In the quickly evolving world of esports, managing relationships between an esport organisation and esport players can be difficult. The consequences of handling a player dispute badly or getting a player contract wrong can be costly to say the least.
A well-drafted player contract is just one way of protecting an organisation's and a player's future, benefiting both parties by providing clarity and legally enforceable obligations.
Why are player contracts particularly important in esports?
Unlike traditional sports, which operate within a recognised regulatory framework, no such overarching framework governs esports.
In the absence of any industry regulation, having an enforceable player contract is essential to both parties in the event they need to enforce or protect their rights.
Who should player contracts benefit?
Well-drafted player contracts benefit both esport organisations and the players.
They should create a clear understanding of the expectations of both parties. Addressing any potential issues at the outset will go a long way to preventing future difficulties for both parties.
What should a good esport player contract include?
Unfortunately, there are no "standard" esport contractual provisions which can be simply copied and pasted into every player contract for every game to cater for every eventuality.
esport leagues and video game publishers may even impose their own requirements which will need to be incorporated into player contracts. Some leagues restrict the number of foreign players permitted per team in domestic or regional leagues, or impose caps on the length of time a player can be contracted to a single organisation.
We have listed below some of the essential considerations all well-drafted esport player contracts should include.
As in most contracts, the most important terms will be the financial provisions: how much will the player be paid, and on what basis?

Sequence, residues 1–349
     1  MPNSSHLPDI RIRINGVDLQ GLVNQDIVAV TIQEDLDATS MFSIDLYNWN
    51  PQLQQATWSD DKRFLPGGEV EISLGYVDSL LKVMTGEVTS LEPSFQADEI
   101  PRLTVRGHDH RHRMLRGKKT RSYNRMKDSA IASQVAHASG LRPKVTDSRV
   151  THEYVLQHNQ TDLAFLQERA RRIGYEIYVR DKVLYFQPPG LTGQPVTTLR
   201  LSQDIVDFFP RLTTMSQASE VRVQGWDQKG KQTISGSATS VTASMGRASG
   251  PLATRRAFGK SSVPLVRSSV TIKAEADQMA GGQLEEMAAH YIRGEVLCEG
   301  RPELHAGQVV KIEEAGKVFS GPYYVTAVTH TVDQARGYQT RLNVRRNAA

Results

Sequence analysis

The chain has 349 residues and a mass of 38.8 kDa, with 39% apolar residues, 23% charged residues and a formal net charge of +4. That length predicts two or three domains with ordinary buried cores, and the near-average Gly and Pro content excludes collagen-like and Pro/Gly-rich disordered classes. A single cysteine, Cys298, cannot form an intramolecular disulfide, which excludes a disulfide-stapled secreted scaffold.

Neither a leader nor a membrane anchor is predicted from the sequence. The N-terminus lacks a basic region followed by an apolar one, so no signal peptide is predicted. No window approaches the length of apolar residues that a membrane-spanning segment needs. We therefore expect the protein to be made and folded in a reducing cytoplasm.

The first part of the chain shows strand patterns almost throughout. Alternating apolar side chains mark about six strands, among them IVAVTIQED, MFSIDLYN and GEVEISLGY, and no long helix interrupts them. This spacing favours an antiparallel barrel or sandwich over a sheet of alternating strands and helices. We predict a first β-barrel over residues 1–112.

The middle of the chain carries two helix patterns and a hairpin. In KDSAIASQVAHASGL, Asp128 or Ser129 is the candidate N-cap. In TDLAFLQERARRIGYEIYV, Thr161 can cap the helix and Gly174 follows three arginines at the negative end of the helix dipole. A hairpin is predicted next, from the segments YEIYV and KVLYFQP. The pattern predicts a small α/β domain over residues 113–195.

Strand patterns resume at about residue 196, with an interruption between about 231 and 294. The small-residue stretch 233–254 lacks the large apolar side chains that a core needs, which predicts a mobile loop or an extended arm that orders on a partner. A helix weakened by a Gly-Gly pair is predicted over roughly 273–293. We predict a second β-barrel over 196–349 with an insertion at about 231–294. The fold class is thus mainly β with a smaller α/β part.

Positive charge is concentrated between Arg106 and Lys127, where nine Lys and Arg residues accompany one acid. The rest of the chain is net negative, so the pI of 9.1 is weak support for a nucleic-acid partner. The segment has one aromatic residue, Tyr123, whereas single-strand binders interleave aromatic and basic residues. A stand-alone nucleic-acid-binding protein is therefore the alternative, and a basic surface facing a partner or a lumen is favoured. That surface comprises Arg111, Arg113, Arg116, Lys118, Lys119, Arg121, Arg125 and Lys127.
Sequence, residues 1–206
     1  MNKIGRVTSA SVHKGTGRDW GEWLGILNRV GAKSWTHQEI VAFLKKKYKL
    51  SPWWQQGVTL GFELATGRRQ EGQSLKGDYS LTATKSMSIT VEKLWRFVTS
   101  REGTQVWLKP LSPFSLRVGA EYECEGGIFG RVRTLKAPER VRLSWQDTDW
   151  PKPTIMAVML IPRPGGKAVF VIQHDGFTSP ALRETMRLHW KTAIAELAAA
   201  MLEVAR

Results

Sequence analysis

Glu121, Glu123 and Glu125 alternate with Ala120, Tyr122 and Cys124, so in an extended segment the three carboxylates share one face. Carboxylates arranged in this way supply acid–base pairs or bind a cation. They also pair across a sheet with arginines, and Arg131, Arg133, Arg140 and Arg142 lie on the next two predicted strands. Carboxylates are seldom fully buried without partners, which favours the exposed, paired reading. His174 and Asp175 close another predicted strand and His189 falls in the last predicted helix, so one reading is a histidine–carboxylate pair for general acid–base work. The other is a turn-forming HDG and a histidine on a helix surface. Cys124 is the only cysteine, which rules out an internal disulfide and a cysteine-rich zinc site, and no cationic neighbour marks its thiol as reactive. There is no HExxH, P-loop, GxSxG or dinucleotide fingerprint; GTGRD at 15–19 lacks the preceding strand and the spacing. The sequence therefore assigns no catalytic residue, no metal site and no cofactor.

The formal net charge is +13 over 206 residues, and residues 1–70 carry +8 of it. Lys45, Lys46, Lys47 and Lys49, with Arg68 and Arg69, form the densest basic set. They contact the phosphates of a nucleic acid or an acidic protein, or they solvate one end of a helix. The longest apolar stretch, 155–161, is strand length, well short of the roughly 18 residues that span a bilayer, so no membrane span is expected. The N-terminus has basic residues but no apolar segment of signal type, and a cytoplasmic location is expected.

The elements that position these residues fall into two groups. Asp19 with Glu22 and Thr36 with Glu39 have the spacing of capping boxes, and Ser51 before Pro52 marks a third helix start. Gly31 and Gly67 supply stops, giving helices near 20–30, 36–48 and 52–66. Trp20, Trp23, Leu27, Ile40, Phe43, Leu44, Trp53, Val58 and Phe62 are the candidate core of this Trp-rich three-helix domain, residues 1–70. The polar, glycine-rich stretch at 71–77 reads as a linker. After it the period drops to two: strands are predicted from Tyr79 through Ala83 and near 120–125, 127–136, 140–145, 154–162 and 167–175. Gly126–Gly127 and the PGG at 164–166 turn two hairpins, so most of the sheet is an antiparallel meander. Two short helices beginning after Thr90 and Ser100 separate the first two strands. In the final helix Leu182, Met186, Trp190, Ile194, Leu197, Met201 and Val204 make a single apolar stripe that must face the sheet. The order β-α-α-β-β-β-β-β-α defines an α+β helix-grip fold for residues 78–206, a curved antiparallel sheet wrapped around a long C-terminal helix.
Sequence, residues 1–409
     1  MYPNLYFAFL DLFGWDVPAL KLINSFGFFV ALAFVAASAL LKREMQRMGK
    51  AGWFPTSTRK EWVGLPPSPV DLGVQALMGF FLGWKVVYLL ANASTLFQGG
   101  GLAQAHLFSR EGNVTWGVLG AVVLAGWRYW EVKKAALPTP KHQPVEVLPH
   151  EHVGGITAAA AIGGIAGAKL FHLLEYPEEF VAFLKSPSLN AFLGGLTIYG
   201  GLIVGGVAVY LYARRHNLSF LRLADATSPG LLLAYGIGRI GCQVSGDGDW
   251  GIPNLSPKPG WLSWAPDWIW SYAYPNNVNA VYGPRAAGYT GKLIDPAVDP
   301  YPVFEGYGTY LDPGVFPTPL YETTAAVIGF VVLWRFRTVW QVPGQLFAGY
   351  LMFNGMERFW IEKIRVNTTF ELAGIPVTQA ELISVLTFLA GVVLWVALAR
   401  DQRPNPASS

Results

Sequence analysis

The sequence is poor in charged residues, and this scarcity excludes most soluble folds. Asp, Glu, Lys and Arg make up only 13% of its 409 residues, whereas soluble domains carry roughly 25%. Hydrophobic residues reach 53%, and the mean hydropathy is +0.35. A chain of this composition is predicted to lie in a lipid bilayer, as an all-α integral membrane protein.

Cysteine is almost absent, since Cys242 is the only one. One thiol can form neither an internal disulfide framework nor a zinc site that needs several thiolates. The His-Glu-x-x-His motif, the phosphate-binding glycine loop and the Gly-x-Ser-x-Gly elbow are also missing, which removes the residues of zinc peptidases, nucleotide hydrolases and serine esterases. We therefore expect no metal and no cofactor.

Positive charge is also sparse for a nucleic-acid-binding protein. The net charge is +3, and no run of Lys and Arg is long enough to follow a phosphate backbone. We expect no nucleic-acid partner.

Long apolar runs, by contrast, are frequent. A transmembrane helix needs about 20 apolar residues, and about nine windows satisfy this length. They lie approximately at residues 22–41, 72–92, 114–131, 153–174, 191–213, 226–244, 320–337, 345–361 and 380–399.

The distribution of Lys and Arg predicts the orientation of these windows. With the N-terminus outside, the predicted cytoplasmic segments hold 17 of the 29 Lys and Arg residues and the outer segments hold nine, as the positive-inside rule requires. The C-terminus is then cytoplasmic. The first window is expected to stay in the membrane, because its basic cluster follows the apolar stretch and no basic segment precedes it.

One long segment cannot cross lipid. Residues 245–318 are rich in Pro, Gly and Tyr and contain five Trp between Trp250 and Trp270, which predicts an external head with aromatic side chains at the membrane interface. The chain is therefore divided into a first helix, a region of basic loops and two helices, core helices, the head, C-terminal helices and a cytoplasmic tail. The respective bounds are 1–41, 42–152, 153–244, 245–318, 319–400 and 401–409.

The split of prize money, sponsorship agreements, merchandise agreements, social media and streaming revenue, expenses and deductions all need to be clearly defined. If pay is performance-related, this must be clearly detailed.
Player poaching, non-competes and duration
Poaching is a real threat to esport teams. They need to be able to invest in players and plan effectively for the future without the constant fear of suddenly losing a star player to a competitor.
Players can also fall victim to being benched at a critical moment in their career without any recourse or ability to move to another team.
Contracts should therefore clearly state the duration of the contract, with provisions for early termination for both parties. They also should detail the circumstances in which a player can be benched or taken off an active roster, and possibly contain non-compete provisions depending on the circumstances.
Obligations and code of conduct
Player contracts should clearly set out the obligations of both parties, and the code of conduct players are expected to abide by.
For example: are players expected to produce online content for the organisation, such as product reviews, online articles, Twitch streams or YouTube videos? Are players restricted from hosting their own content online on such media channels? Are players tied into exclusive sponsorship agreements with their team? The relevant parties should always be thinking about how the content (and associated IP rights) should be owned and licensed. In particular, the organisation will want to make sure that it retains IP ownership in any content produced by the player and that it has the right to fully commercialise the player's image.
Does the organisation have an existing code of conduct and a disciplinary procedure in place? If so, are players aware of the organisation's code of conduct and the consequences of breaching it?
There are a variety of factors to consider when drafting an effective contract, and it can be useful to seek legal advice to ensure that it benefits all parties.